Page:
It’s easy to love success stories like Instagram or Youtube, but what if your startup is growing much more slowly? What if it’s taking you years, not weeks or months, to reach millions of people?
Allen Lau, co-founder of Wattpad, a cloud-based community of authors and readers, bootstrapped for five years before raising his Series A financing with investors such as Union Square Ventures. Here’s his advice:
Pick the chicken or the egg. Early on, Wattpad faced the classic chicken and egg conundrum: With no users, nobody was writing content. But with no content there was nothing to engage visitors, so they left. Wattpad had to choose - did they need users, or did they need content? They went for content, and uploaded 20,000 stories from Project Gutenberg, a free source for works in the public domain. The content wasn’t unique or exclusive, but at the time Wattpad provided a novel way for consumers to access that content: on mobile devices. That helped get their user base growing.
In hindsight, the decision to pursue content before users may appear obvious, but at the time it was hardly certain, especially in the face of pressure to chase users and drive dramatic early growth. Lau was able to resist that impulse for two reasons:
- He recognized that product was the content itself, not the app
- If he pursued users before he had enough to offer, he might drive a short- term spike in downloads, but he’d have to deal with immense churn. And once a user has abandoned a product, it’s almost impossible to re-engage them.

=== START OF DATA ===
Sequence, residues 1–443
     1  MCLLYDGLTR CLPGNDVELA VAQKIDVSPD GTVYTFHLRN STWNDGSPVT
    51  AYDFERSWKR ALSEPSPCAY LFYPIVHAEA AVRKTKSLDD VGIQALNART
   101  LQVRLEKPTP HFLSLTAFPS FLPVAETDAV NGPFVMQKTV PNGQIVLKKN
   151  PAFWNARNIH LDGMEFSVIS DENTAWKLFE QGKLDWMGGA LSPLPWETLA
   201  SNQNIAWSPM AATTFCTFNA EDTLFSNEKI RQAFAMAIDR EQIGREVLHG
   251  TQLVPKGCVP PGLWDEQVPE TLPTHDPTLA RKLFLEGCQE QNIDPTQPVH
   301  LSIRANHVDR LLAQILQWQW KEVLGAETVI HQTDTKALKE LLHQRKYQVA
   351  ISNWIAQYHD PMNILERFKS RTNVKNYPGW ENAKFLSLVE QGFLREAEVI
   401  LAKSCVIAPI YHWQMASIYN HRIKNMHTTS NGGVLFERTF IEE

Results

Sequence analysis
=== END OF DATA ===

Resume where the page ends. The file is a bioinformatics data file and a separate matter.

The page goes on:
Focus on differentiation. From the start, Lau’s core strategy was to enable users to access content on mobile devices. “Keep in mind this was 2006, before Apple launched iTunes or Amazon launched the Kindle. The ability to read content on mobile devices was a big differentiator,” says Lau. His team worked feverishly to make sure its content was accessible on as many devices as possible. The work paid off: Back in 2006, if a you were to search for “mobile” and an author such as Charles Dickens, Wattpad would have been the first result.
Listen to users. They don’t lie. For consumer products, Lau says, “It’s pretty obvious when users embrace a feature. If usage isn’t trending up after an initial spike of adoption within one to two weeks of launch, we kill the feature and move on. You can’t afford to push a [floundering] feature for nine months; you’ll run out of cash.” Lau recommends tools like Flurry and Google Analytics that help measure a feature’s initial traction, and can help your startup begin to make disciplined, data-driven development decisions.
Beware venture funding. Organic growth takes a long time, but investors need to generate returns quickly. “The traffic was growing month over month. It just wasn’t generating enough cash to feed my family, let alone please any potential investors,” says Lau. If Wattpad had had venture backing early on, it would have had a shorter time frame in which to generate returns. Instead, Lau and his co-founders were able to fund the business by running a mobile advertising startup during those early years.